Looking towards the RWC this year and the consensus is nobody outside of NZ, Ireland, Wales, England and SA have a chance, with the exception of maybe Argentina, who are perennial dark horses none of the other competent/not French countries have a 9 that holds a candle to Youngs and Davies who are the worst offerings of the five named.
     
  11. Cruz_del_Sur

    Cruz_del_Sur First XV

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    I thought so too, but i watched a TEDX talk (hate them so i tend not to believe a word they say) about the difference in performance across time in sports in general which made me second guess. They basically argued (with evidence) that the difference between the 100 meters performance of jesse owens and usain bolt, HUGE if you just look at the time, was mostly (not all) explained by training and equipment.

    The level is better now, sure, but the athletes that make it now have MASSIVE advantages. Better nutrition, better training, much more specialized roles, sport psychologist at their dispossal, guys preparing motivational videos for them to enter the field in an adrenaline rush.
    You know what where the All Blaks spent the weeks prior to the world cup in 1987? They weren't training in a top-notch facility with a team of caretakers. They were staying with random rural families.

    Agustin Creevy was sent 10.000 km away for quite some time to an intensive course for line out ball throwing. Imagine doing that in the 60s. Or better, imagine athletes from the sixties with access to that sort of resources.

    Regarding SHs, i will rule out Pichot to avoid any bias. IMO, it's a close call between Joost and George Greegan. Technically George was close to perfect, but Joost had the size, drive, was fearless and had this inspirational aura around him. He was very good at "filling gaps". Whenever the team needed someone somewhere, there was Joost doing what needed to be done.
    For me, he is THE quintessential springbok.
     
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  12. bushytop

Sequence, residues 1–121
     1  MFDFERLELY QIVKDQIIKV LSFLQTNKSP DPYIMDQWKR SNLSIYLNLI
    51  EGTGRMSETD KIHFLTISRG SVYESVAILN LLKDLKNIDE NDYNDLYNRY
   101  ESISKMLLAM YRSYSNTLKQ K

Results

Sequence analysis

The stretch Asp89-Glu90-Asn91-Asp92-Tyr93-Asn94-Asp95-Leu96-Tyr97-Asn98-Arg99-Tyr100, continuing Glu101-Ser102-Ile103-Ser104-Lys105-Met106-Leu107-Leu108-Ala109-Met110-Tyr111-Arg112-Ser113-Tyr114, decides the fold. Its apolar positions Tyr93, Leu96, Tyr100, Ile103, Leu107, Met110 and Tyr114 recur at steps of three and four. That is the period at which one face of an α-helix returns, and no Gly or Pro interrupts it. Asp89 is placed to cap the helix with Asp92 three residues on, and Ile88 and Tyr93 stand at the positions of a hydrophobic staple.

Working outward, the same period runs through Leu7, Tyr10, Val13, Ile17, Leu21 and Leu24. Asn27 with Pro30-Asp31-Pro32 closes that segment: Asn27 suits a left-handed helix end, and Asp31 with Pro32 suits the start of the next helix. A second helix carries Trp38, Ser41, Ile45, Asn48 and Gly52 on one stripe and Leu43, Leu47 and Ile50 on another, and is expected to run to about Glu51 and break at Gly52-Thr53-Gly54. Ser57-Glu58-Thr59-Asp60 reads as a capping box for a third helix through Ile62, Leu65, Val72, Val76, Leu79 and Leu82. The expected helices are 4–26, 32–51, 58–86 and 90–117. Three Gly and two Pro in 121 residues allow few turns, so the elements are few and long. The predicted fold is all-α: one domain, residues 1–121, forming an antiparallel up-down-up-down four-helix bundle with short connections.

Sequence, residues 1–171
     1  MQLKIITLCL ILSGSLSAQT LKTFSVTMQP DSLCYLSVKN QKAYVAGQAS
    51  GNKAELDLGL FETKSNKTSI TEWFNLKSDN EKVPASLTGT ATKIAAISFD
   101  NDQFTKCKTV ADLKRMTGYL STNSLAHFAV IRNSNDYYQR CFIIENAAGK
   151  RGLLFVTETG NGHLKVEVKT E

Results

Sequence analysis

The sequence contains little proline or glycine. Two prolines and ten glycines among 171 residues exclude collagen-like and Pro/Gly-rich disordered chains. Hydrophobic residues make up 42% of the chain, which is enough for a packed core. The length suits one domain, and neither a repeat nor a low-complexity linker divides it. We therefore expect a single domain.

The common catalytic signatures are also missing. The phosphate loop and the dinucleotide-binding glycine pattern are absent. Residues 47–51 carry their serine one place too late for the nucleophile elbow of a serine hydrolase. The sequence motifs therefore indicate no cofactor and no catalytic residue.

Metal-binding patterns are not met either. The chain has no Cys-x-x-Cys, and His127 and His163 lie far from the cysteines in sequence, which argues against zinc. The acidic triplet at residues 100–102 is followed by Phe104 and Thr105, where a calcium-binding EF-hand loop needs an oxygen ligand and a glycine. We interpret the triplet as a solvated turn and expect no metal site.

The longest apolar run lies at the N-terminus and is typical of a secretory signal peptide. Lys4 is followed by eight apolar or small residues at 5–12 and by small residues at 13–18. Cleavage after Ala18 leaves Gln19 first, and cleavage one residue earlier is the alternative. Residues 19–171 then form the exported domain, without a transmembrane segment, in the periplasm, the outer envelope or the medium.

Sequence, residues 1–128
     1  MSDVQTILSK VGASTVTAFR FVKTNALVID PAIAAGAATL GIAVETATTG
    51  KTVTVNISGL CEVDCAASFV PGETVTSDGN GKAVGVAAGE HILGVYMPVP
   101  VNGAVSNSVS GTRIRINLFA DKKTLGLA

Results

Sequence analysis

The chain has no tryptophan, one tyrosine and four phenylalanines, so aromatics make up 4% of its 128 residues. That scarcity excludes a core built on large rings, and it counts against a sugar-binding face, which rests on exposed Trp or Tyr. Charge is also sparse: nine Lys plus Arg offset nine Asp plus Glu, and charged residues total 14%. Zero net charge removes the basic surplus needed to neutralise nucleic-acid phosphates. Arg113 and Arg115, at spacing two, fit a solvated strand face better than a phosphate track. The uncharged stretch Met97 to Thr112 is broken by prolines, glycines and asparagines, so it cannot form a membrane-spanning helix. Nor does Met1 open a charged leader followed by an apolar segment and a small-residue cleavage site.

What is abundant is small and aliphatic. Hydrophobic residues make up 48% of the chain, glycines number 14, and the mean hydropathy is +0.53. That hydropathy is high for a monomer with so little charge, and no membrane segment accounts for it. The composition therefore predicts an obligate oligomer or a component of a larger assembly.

bushytop First XV

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    I find it hard to pick an outright best from Gareth Edwards and JVDW.

    Being born in 1979, my early years were filled with my Grandfather playing the videos of Wales, the Lions and the BaaBaas of the 70's. He literally worshipped Edwards and would pause, rewind and replay moment after moment to explain in great detail what the maestro was doing and why it was effective.

    Then, in my teens JVDW was my favourite player of that particular era... regardless of the fact that he ALWAYS seemed to score against Wales.

    Both players had all the tools, great delivery, speed, power, vision etc. but what I feel separates them from all the rest was the will to be victorious. The amount of times both have single-handedly snatched victory from the jaws of defeat is incredible. Absolute legends, the pair of them
     
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  13. sCriv

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    Very good points, but, turning back to Rugby for a second, this still makes it close to impossible to compare players from different generations for me.
    If the players from the 60's/70's etc had all of the tools that the modern players do, that wouldn't necessarily mean that they would still be at the same level.
    Isn't the modern game now even more competitive than ever, with fewer and fewer academy players making the grade than back in the day?

    The point is we're dealing with the realms of "what ifs" rather than actual facts.

    Decent argument but I'm still not convinced.
     
    Last edited: Jun 4, 2019
  14. sCriv

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    A lot of people said similar things in the original article.

    They came to the conclusion that Joost was the best of the modern era, and Edwards the best of the amateur era.

    Probably a fairer way of judging it as discussed previously?
     
  15. TRF_heineken

    TRF_heineken RIP #J9

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    The thing is you can't make a comparison between professional players and the their predecessors when the sport wasn't professional. There's just way too much of difference in the quality of the sport as a whole and how it has progressed over the years.

    I think Joost should be first, with FdP second. Both of them were an integral part for us winning 2 World Cups.
     
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  16. Umaga's Witness

    Umaga's Witness First XV

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    George and joost and Marshall and kelleher all played at the same time and were all great. It was a constant debate as to who was the best. Marshall and kelleher get forgotten in this discussion these days.

    Gregan for instance, a legend no doubt, but kelleher got the best of him every time they played each other, at any level. It was one thing you could guarantee about the game beforehand.

    Gregan had the best pass, for sure, and played for a million years.